P17-25. A model for coverage of T-cell HIV vaccines: where are we and where do we need to be?
Retrovirology volume 6, Article number: P307 (2009)
A central concept for the development of an effective HIV vaccine that induces T-cell responses is coverage – the extent to which reactive epitopes in vaccinees are represented in circulating viruses to which the vaccinees will be exposed.
We developed a model for epitope coverage of a target viral population by a T-cell vaccine that expresses coverage as a function of breadth of response (number of epitopes recognized) and the frequency with which vaccine-induced epitope responses are represented in the targeted viral population. This model was used to analyze epitope mapping data from 2 study populations: participants who received the Merck Ad5 HIV vaccine (insert: clade B gag, pol, nef) and participants who received the VRC multigene Ad5 HIV vaccine (insert: clade B gag-pol and clades A, B, C env).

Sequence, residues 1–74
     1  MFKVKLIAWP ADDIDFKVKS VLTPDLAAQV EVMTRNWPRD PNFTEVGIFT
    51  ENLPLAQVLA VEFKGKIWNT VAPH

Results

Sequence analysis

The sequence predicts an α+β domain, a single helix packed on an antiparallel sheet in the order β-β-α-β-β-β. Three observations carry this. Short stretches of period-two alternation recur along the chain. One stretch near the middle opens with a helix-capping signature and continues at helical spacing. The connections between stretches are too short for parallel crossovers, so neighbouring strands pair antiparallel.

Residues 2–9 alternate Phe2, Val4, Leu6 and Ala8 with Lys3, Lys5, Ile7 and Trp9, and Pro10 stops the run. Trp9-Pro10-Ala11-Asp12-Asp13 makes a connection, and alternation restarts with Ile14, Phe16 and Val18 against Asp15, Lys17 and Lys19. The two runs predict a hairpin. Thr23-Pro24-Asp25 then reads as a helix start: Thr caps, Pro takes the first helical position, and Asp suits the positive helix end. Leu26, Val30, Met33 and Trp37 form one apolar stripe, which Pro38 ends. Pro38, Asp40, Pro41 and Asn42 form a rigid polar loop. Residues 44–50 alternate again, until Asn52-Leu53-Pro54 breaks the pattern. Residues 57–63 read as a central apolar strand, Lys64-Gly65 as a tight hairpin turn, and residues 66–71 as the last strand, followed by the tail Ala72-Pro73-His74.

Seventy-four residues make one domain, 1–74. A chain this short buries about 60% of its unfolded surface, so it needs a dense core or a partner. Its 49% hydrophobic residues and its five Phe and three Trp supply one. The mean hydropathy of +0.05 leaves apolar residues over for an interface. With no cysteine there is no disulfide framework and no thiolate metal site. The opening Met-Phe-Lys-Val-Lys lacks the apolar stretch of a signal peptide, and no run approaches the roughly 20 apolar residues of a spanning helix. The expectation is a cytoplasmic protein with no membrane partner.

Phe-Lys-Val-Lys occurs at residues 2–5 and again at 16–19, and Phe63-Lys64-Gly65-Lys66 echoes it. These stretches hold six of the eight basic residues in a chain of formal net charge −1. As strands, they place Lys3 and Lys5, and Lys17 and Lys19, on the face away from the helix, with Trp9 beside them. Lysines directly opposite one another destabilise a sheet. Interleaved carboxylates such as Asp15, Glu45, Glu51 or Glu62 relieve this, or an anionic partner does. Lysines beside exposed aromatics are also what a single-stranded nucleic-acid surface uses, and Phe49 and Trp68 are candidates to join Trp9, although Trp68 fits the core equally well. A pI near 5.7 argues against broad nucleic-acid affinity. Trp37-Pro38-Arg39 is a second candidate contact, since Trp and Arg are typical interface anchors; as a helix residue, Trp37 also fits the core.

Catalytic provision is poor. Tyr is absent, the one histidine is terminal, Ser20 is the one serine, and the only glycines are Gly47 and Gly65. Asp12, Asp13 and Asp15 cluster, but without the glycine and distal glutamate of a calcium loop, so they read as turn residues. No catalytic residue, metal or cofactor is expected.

Results from these analyses include: 1) Recipients of the Merck vaccine demonstrated limited breadth in their CD8+ T cell responses to subtype B HIV (median 2 epitopes per vaccineee). These responses were infrequently directed against the most highly conserved portions of the gag or nef genes, despite the inclusion of these regions in the vaccine insert. The resultant low coverage may have been a primary factor underlying lack of efficacy seen in the Step trial; 2) Our analyses indicate that increasing breadth of response has greater potential to improve coverage than shifting the set of reactive epitopes to more conserved specificities.
We suggest that epitope mapping data be obtained routinely in early phase clinical evaluation of T-cell HIV vaccine candidates and that an analysis of coverage be explicitly considered in the decision to advance the candidate to efficacy evaluation. We also recommend that increased emphasis be placed on developing vaccine designs that increase breadth of response.
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Self, S., Li, F., Corey, L. et al. P17-25. A model for coverage of T-cell HIV vaccines: where are we and where do we need to be?. Retrovirology 6 (Suppl 3), P307 (2009). https://doi.org/10.1186/1742-4690-6-S3-P307